December 25, 2013

Captain Phillips (2013)

On April 8, 2009, a gang of four Somali pirates boarded MV Maersk Alabama, a container ship traveling 240 nautical miles off Somalia's coast. At the helm of MV Maersk Alabama was captain Richard Phillips, who had the mission of taking the cargo to Mombasa, Kenia. The situation got complicated when the crew captured one of the pirates and started negotiations to switch prisoners. The pirates secured their escape on a lifeboat, but took Phillips hostage with them. Everything would end in a risky rescue attempt by a team of Navy SEAL snipers. The kidnapping and rescue of captain Richard Phillips soon became international news, and as usual, an adaptation to the big screen began to be developed. Taking as basis captain Phillips' own account of the kidnapping, "A Captain's Duty: Somali Pirates, Navy SEALS, and Dangerous Days at Sea", director Paul Greengrass and screenwriter Billy Ray developed a story with the intention of capturing the intense human drama of the tale. With the simple title of "Captain Phillips" and actor Tom Hanks leading the cast, this attempt isn't really bad, though it's far from amazing.

In "Captain Phillips", Tom Hanks plays the eponymous protagonist, captain Richard Phillips, who takes command of container ship MV Maersk Alabama in the port of Salalah, Oman. His destination, Mombasa, forces him to follow the dangerous route of the Somali coast, where pirate attacks are common place due to the poverty of the region. At the helm of Maersk Alabama, Phillips shows an excessive (bordering paranoid) preoccupation with security, which doesn't help him to make friends with his crew. At the same time, the young Somali pirate Abduwali Muse (Barkhad Abdi) gathers a crew of four people with the intention of capturing a big ship. Muse wishes to show his skill as a pirate, as he is usually bullied by other pirates from his tribe. On april 8, the lives of Muse and Phillips will collide when Muse's small crew manages to board the MV Maersk Alabama, making Phillips' worst nightmares a reality. Determined to protect his crew, captain Phillips will need to find the courage to face Muse and recover the control of the ship. However, things go seriously wrong when he is taken hostage by the pirates.

Written by Billy Ray (co-scriptwriter of "The Hunger Games"), the screenplay for "Captain Phillips", tries to be not only an account of captain Phillips' story, but to make a study of the relationship between two apparently different characters, captain Phillips and captain Muse. At the beginning, both captains prepare the travel of their lives, Phillips checking his ship while Muse picks up his crew amongst the somali men of his tribe. Phillips faces the mistrust of his crew, while Muse sees himself humiliated by other pirates. Finally, both captains face each other in an endurance test, with Phillips trying to manipulate Muse while the young pirate attempts to show (to his own crew and to himself) that he is the boss and has the situation under control. This focus is interesting in the sense that allows to truly get into the character of Abduwali Muse in a more human way, exploring his fears and feelings, giving him more complex dimensions than what are normally found in typical villains. This attention to the psychology of the characters is without a doubt a great virtue in Ray's screenplay, but it's not enough to sustain the weight of the film.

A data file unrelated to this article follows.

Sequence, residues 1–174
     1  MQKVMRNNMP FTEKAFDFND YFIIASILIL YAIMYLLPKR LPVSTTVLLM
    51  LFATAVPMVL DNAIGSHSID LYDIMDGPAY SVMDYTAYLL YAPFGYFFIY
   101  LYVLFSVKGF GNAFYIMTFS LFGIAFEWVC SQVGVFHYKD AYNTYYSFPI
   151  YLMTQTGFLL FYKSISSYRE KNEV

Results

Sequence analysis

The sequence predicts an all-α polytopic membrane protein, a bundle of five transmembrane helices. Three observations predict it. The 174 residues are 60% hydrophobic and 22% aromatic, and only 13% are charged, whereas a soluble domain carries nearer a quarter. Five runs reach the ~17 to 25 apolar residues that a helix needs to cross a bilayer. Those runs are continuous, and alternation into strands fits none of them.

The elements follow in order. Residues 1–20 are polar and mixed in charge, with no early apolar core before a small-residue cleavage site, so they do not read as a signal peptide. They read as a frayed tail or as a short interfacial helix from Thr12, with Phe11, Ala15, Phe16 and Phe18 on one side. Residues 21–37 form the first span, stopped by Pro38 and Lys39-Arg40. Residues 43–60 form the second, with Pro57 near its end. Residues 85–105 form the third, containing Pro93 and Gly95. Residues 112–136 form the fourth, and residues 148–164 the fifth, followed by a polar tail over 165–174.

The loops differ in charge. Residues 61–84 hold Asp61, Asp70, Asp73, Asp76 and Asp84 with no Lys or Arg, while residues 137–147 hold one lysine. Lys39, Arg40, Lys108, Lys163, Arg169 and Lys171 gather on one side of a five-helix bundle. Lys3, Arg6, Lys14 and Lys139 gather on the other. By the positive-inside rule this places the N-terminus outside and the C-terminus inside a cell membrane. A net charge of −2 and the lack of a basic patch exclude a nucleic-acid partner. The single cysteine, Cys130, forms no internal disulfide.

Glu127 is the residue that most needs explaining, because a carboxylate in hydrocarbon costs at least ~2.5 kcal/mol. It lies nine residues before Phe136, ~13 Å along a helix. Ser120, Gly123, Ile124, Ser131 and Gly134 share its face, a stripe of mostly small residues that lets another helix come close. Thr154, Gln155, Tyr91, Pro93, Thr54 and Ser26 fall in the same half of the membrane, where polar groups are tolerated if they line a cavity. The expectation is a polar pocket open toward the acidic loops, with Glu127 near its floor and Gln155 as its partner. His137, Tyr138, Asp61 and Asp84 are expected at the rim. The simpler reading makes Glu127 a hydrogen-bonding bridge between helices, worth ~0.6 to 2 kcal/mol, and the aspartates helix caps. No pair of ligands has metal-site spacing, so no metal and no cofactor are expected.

At the helm of "Captain Phillips" is British director Paul Greengrass, whom isn't really a stranger to make films based on tense stories from real life (as "United 93" demonstrates). In "Captain Phillips", Greengrass gives the film his familiar style based on handheld camera, which gives the movie a tone of documental realism. Cinematographer Barry Ackroyd's camera truly gets inside every scene in an almost active role, more as a participant than as mere witness of the action, managing to capture the human drama that's developed between the characters. And it's truly the difficult relationship between Phillips and Muse what actually drives the film. Greengrass and Ackroyd (who had previously worked together in "Green Zone" and the afore mentioned "United 93") capture the intensity of this relationship which is formed not only in dialogues, but in sights and silences. However, it's worth to point out that the rhythm of the movie falls flat during the second half of the film, as while Greengrass builds up the tension of the struggle between the crew and the pirates, when Phillips gets kidnapped the film loses steam. Badly.